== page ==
these dimensions as a framework for viewing each theorist's concept of humanity.

 The first dimension is determinism versus free choice. Are people's behaviors determined
by forces over which they have no control, or can people choose to be what they wish to
be? Although the dimension of determinism versus free will is more philosophical than
scientific, the position theorists take on this issue shapes their way of looking at people and
colors their concept of humanity.
 A second issue is one of pessimism versus optimism. Are people doomed to live
miserable, conflicted, and troubled Lives, or can they change and grow into psychologically
healthy, happy, fully functioning human beings? I n general, personality theorists who
believe in determinism tend to be pessimistic, whereas those who believe in free choice are
usually optimistic.

 A third dimension for viewing a theorist's concept of humanity is causality versus

teleology. Causality means that behavior is a function of past experiences, whereas
teleology is an explanation of behavior in terms of future goals or purposes. Do people act
as they do because of what has happened to them in the past, or do they act as they do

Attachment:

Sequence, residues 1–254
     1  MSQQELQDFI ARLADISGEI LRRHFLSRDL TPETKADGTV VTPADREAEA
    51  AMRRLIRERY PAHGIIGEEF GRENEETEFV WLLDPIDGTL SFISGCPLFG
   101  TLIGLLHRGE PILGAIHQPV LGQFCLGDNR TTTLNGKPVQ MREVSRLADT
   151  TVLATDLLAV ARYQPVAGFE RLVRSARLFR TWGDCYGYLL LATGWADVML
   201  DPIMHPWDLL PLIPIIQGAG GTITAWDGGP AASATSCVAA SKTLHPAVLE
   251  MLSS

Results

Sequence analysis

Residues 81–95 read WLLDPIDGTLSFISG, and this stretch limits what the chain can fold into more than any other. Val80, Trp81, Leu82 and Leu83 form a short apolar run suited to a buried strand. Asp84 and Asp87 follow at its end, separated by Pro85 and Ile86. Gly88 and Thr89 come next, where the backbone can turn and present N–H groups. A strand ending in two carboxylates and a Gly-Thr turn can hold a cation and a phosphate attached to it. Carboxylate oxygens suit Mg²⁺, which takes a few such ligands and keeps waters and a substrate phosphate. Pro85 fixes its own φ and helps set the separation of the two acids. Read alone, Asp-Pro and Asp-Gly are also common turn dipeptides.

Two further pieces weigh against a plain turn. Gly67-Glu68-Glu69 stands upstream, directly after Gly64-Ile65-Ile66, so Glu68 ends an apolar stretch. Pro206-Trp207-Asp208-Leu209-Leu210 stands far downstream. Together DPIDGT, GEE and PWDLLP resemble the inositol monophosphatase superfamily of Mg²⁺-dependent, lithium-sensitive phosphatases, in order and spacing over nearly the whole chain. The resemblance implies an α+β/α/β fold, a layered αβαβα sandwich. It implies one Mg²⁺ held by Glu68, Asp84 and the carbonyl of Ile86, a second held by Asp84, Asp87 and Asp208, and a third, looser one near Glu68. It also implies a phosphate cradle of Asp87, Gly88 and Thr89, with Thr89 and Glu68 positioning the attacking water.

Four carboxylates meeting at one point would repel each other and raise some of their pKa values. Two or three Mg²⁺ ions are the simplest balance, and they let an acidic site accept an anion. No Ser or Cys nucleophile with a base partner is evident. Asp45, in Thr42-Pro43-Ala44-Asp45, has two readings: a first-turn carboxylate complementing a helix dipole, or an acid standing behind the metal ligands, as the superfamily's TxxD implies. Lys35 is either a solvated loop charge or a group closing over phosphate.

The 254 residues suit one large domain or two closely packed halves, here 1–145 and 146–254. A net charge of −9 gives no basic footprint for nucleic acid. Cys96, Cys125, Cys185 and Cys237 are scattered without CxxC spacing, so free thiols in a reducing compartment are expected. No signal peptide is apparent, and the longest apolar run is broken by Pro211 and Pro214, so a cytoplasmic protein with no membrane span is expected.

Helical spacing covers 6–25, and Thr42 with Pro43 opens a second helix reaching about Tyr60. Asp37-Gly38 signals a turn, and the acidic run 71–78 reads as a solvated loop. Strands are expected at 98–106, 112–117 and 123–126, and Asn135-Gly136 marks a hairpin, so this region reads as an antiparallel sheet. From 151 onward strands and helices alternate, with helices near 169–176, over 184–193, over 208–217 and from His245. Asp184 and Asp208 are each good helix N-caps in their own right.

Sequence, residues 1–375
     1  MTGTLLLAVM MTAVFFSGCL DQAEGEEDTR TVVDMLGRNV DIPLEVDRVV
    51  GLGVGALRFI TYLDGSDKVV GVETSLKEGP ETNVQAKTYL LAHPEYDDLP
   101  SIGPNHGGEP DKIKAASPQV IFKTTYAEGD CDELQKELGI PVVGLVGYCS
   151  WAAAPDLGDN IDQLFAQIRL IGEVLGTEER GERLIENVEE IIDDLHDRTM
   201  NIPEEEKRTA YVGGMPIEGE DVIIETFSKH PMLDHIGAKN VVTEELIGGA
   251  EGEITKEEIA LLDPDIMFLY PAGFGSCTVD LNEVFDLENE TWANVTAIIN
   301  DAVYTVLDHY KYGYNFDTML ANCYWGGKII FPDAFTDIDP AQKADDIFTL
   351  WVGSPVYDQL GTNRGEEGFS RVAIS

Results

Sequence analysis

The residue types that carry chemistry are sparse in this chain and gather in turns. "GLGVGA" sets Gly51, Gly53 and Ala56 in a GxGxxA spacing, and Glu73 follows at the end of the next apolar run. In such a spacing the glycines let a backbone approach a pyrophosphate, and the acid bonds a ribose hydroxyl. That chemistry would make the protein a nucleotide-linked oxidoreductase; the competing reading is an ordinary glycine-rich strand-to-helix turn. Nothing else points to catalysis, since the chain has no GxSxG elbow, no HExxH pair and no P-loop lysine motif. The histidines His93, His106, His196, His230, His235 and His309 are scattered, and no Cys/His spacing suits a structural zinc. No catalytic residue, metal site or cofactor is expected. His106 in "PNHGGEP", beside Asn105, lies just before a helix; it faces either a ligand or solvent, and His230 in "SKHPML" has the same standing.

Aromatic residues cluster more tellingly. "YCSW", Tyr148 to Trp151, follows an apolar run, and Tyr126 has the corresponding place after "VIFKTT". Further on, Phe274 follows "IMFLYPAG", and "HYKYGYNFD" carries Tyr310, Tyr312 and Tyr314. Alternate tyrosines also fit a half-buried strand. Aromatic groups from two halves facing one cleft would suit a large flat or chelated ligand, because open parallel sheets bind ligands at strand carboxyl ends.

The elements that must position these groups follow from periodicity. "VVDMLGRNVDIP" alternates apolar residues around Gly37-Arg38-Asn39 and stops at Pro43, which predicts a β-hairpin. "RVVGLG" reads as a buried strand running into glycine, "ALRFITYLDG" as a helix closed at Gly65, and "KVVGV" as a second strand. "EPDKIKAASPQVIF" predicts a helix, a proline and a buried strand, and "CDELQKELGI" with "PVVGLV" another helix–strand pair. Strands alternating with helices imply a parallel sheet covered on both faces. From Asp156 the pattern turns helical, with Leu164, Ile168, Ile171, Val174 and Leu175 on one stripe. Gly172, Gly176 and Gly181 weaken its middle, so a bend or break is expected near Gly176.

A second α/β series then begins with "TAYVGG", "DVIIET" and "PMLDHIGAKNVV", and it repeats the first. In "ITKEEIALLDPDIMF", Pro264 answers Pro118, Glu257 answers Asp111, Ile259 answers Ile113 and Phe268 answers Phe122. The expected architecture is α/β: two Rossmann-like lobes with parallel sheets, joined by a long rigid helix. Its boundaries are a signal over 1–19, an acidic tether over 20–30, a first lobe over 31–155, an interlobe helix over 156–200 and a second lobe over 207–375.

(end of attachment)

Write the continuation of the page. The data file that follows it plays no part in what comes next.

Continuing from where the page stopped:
because they have certain expectations of what will happen in the future?
 A fourth consideration that divides personality theorists is their attitude toward conscious
versus unconscious determinants of behavior. Are people ordinarily aware of what they
are doing and why they are doing it, or do unconscious forces impinge on them and drive
them to act without awareness of these underlying forces?

 The fifth question is one of biological versus social influences on personality. Are people
mostly creatures of biology, or are their personalities shaped largely by their social
relationships? A more specific element of this issue is heredity versus environment; that is,
are personal characteristics more the result of heredity, or are they environmentally
 A sixth issue is uniqueness versus similarities. Is the salient feature of people their
individuality, or is it their common characteristics? Should the study of personality
concentrate on those traits that make people alike, or should it look at those traits that make
people different?

 These and other basic issues that separate personality theorists have resulted in truly
different personality theories, not merely differences in terminology.